10. "The Grand Finale ~  Baking and Cooling" - This is show time, all the steps have been applied, you followed the rules, you are ready to see the doughs of your labor expand and develop into the most wonderful masterpiece.

We dock the bread by cutting shallow lines into the tops

We transfer the proofed loaves onto trays that will then be used to transfer the bread onto the bare rack of the deck oven

We wait for the bread to bake

And Voila!!!

Bread- Glorious Bread!

The cooling rack

We finally had our chance to make bread
There is nothing I would have rather do instead
I am totally in love with this newly learned process
When I make bread at home, no longer will I have to guess!

Monday, February 22, 2010

Monday's Plate- Tour of the Past Two Weeks

Filling your plate with beautiful food
Its what I love to do.
It’s all about the taste.
May you clean your plate and leave nothing to waste.

Garlic Shrimp Dish from Spain Week in World Cuisine Class

Samosas I made at home to practice for our India Table at Tasters's Guild.
These have sweet potato and green peas in them.

Mike and Ray- my teammates working on a Soup we made for Spain week.

The finished product- "Sopa de Ajo"- A Garlic Soup

A cool trick for when you are rising dough that i learned from Ray- put the dough in your bowl- cover with saran wrap, then draw a circle over it to size it.  This way when the dough rises you have the original size to compare it to- Thanks Ray!

"A Spanish Omelette"  OMGoodness this was so good!
Potatoes, Onion, Egg and Salt and Pepper- that is all!  So simple and yet so delicious!
Spain week was a lot of fun!

We began enriched doughs in Intro to Baking- these are a take on cinnamon buns,
 but with a cherry filling.

Here are the Birthday treats that we made for Lauren's class- "Cupcake Cones"
I remember these when I was little!

Then we had to make a treat for Valentines day party in Lauren's class.  These were really fun to make.

The troop!

My Own quick concoction- "Great Northern Beans and Greens" I used Swiss Chard and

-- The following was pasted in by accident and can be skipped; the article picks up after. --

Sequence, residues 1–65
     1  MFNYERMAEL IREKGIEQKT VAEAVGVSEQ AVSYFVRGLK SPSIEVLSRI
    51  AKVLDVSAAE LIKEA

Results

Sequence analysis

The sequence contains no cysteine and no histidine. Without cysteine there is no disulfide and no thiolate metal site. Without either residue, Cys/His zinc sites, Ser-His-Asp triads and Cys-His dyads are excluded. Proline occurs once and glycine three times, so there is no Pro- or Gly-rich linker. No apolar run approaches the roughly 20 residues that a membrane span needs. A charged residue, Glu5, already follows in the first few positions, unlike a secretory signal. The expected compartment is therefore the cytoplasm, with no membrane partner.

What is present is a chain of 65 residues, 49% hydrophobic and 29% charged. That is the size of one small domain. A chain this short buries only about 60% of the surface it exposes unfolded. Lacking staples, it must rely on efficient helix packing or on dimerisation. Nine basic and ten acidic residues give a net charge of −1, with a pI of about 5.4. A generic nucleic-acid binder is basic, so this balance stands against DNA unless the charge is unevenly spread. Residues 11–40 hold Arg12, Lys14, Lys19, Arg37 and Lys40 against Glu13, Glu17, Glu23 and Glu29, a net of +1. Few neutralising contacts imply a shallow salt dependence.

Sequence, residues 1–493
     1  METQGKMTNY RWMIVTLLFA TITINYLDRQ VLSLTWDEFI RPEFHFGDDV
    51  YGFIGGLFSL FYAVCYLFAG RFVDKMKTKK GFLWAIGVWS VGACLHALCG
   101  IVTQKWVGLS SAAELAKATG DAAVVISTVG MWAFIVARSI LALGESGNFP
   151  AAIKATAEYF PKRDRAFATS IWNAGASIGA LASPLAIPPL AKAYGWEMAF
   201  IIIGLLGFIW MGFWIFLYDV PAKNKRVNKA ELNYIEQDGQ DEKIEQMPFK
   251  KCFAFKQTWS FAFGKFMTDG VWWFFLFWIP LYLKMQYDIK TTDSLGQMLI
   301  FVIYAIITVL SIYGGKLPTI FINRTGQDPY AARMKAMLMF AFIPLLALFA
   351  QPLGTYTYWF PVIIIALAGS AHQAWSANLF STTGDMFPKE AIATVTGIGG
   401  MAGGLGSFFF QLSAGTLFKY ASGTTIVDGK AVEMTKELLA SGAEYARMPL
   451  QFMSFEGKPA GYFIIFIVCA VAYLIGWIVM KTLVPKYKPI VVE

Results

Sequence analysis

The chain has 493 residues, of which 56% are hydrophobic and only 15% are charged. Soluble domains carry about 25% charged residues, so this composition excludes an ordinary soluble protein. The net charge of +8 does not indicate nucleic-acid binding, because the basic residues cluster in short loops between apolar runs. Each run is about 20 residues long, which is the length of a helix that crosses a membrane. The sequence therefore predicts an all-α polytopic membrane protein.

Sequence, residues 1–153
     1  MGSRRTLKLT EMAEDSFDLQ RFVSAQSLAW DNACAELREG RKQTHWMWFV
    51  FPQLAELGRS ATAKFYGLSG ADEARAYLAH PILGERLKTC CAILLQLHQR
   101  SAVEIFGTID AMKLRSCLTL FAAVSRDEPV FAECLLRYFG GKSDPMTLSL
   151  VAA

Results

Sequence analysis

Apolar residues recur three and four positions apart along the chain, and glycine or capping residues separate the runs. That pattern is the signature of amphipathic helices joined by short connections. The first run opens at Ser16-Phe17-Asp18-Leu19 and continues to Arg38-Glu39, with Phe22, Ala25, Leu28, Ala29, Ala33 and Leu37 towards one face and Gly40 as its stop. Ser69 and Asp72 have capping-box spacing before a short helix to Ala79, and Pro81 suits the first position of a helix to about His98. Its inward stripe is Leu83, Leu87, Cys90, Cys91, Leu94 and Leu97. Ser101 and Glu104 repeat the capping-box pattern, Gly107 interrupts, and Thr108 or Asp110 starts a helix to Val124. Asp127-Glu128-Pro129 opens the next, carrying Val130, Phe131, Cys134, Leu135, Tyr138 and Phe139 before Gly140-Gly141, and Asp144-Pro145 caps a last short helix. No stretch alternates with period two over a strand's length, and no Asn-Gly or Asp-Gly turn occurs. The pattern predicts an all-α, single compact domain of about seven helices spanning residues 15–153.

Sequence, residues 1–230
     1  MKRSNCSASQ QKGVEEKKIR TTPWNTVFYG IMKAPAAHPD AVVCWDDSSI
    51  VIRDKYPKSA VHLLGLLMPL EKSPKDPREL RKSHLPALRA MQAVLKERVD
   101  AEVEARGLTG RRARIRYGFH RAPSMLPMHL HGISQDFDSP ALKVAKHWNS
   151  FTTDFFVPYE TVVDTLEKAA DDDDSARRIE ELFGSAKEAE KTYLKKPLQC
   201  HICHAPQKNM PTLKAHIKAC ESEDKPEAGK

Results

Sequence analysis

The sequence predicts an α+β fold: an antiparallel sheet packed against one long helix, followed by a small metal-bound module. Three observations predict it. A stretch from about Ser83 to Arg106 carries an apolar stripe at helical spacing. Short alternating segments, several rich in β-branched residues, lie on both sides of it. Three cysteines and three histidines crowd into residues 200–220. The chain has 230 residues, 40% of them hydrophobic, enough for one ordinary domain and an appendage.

it made for a nice combination.

This is me with my bag of baked goods making a delivery to my Mom after Baking class.  That bag is full of breads, cookies and brownies!  Yum!

Sunday, February 21, 2010

Learning IS Fun! Especially when it involves FOOD too!

Festival of Food

I took the weight from my feet and seated myself into the first chair I could find, and closest to the front of the class.  Within thirty seconds I had already struck up a conversation with the women sitting next to me.  We were talking as quickly as possible, excitedly trying to fit in as much as we could before the speaker would begin his presentation.  Its easy to make a new friend when you start out with something in common.  We were ready to learn, and it was a topic that we both were particularly interested in too:

  BREAD- Specifically- Stone milled, 100% organic, naturally leavened, Whole Grain, Pleasanton Brick Oven Bread.  My grin spread from ear to ear, as I began to drink in every single word that was being spoken from the front of the room.  Our presenter, the owner of this beautiful bakery, Gerard delivered an awesome hour's worth of history, science, experience and inspirational insights into his world as the proprietor of his exclusive bakery concept that actually hails from over 5000 years ago.  After listening to Gerard I was even more convinced that I want a brick oven in my own backyard.  For now I have no problem continuing to visit Pleasanton on a weekly basis, and I have an even better understanding at what a great deal I am really getting when I buy their bread.  

You won't find a $2.50 loaf of bread at Pleasanton, thank goodness.  The quality of each and every ingredient that goes into their bread is worth every cent- with most loaves starting at $4.95 and going up from there.  They buy their heritage grains from an organic grain farm near Lansing and their "mother" is over 18 years old.  The beauty of this bread is the natural leavening process that does not use any type of yeast.  The formula is Flour and water- THATS IT!  There is a lot more to the story, but I would encourage you to go into the store and ask.  Gerard and his staff love to share what they are doing, and there is a real charm about the store that resides in the old State Hospital Fire Station behind building 50.  If you don't live in or near Traverse City, you can look them up online too- they ship all around the US now- and their bread will never mold since there is no yeast.  How cool is that!!!  Oh and it tastes amazing too- my favorite is their Village Rye and Cinnamon Raisin- Mmmmm Yum!